Saturday at Millennium Stadium in Cardiff concluded a gratifying season for the All Blacks. An 86% win record across 13 tests, Richie McCaw completed a remarkable 100 tests as captain, and the platform set to take on the 2015 Rugby World Cup in England. There has been a lot of press about this team, especially about their resilience and focus on playing the full 80 minutes. “If you get them fit enough and skilled enough you can play with a bit of intensity,” says coach Steve Hansen in a typically understated way. Former Scotland coach and player Sir Ian McGeechan wrote a long piece in The Telegraph about Steve Hansen and “coaching the world’s best team.”
The piece I want to call out is Hansen’s ABC and how adjusting and adapting is perhaps the most important element of what happens in the pitch. Geech asks the question “But why do All Blacks always seem to be better decision-makers than other players?” “You need some sort of structure to be able to play but at the end of the day the opposition tells you how you can play,” says Hansen. “It’s what I call ABC. You assume something through analysis. Believe nothing and go out and confirm it. So from the analysis you might say that this move might work, but it will only work if they continue defending the same way they have been. If you get out there and they have changed their defensive pattern, then the move is useless. So you need to have your players understanding why the move works and why it won’t work, so that they can adjust and adapt. It is no different from business. The people that adjust and adapt the quickest come out on top.”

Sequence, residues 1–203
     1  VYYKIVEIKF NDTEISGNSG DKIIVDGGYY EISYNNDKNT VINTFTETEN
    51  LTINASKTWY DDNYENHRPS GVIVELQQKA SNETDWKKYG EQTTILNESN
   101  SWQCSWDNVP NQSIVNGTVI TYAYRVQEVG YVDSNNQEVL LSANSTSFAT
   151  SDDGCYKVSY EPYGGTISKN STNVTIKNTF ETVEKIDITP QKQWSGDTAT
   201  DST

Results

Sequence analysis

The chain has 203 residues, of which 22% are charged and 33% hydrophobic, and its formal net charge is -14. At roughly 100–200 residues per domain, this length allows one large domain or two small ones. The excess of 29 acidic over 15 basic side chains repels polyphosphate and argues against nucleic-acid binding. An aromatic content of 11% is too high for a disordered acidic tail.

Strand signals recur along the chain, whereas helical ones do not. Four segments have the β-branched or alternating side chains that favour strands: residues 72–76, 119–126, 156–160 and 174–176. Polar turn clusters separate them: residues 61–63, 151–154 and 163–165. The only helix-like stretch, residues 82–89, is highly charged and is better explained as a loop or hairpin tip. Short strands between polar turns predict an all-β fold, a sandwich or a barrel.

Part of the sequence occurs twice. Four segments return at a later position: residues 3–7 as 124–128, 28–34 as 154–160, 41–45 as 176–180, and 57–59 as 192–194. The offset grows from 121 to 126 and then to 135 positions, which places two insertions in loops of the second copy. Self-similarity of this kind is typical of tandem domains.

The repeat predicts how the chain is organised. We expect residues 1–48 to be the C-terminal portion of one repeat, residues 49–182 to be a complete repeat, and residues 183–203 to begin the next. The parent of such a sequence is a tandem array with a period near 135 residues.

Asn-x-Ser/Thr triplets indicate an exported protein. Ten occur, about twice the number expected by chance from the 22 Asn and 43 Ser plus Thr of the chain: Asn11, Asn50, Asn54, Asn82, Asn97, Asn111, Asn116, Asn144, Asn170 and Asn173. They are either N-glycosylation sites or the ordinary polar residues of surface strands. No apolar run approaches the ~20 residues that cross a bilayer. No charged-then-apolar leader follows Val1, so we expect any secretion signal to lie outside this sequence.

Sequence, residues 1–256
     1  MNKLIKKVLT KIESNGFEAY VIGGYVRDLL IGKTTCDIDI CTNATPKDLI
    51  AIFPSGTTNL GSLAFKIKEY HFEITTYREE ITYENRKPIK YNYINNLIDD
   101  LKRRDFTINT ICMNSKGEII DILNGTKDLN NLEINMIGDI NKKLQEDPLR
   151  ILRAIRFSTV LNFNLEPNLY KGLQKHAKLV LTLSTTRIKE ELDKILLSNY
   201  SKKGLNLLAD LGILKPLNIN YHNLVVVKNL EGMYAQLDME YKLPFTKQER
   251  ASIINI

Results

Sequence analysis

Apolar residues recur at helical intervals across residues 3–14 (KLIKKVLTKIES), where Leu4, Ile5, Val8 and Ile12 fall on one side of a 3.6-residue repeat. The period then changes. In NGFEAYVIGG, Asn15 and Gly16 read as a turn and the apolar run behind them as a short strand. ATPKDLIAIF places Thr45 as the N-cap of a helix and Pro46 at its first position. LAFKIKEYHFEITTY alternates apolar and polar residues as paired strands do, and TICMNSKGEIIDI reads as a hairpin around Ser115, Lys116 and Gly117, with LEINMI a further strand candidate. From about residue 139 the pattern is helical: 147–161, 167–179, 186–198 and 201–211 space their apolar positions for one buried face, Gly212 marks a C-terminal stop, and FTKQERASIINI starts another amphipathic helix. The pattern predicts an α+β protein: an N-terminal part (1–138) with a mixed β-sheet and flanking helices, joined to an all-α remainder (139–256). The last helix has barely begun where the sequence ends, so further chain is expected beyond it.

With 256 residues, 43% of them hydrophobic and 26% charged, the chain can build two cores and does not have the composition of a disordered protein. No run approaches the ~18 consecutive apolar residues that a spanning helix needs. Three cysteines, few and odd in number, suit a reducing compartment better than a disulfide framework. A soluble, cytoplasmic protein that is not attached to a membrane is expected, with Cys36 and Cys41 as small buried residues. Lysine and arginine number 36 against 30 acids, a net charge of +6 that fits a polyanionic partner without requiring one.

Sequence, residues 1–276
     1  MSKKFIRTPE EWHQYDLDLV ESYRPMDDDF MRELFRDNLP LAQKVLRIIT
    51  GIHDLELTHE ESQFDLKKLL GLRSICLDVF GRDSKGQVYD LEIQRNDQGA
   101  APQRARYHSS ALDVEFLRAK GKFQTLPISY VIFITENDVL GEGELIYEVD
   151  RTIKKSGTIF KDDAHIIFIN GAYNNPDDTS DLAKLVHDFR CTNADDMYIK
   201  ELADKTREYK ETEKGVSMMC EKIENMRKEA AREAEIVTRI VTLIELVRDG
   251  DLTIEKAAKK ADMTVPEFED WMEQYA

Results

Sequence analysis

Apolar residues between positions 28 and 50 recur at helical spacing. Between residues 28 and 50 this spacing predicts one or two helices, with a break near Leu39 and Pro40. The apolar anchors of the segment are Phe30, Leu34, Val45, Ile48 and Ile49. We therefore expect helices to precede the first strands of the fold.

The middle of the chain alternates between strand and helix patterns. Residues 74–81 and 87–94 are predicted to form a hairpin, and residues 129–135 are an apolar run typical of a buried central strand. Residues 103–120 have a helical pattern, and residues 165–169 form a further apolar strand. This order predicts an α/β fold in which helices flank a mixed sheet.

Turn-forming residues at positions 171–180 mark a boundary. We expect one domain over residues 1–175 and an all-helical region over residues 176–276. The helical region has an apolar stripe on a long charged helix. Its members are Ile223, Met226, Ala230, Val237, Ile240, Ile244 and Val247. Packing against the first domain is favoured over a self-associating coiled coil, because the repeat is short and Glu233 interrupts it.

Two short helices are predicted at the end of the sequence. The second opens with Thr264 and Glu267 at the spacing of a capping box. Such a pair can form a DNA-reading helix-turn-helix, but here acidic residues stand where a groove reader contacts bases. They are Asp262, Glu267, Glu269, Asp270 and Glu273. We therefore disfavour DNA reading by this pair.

Geech again: “New Zealand’s philosophy sounds little different, with the players also given a lot of responsibility.” “On a game day the players have total responsibility,” Hansen says. “At the beginning of the week we start off, the assistant coach and myself, and look at how we want to play, with some feedback from some of the specialist coaches. We will take that to what we call a strategy group and then we dovetail that in together and say: ‘Right, this is how we want to play this game.’ We build the understanding of that through the week, using the ABC. By Thursday the team run is about introducing some real intensity into that process and then on Friday I don’t even get changed. The captain takes that and then Saturday is all about the players only. It’s total ownership. All I’m doing is observing and trying to help find the ABC if they are not seeing it.”
My old school mate (aka Old Maestro) and co-founding father of The Old Lancastrian Black Sheep Club, Brian Ashton, follows an ABC mantra too. His ABC is all about Ambition, Belief and Courage – something the AB’s have in spades. I’ve told Brian he was born in the wrong country!!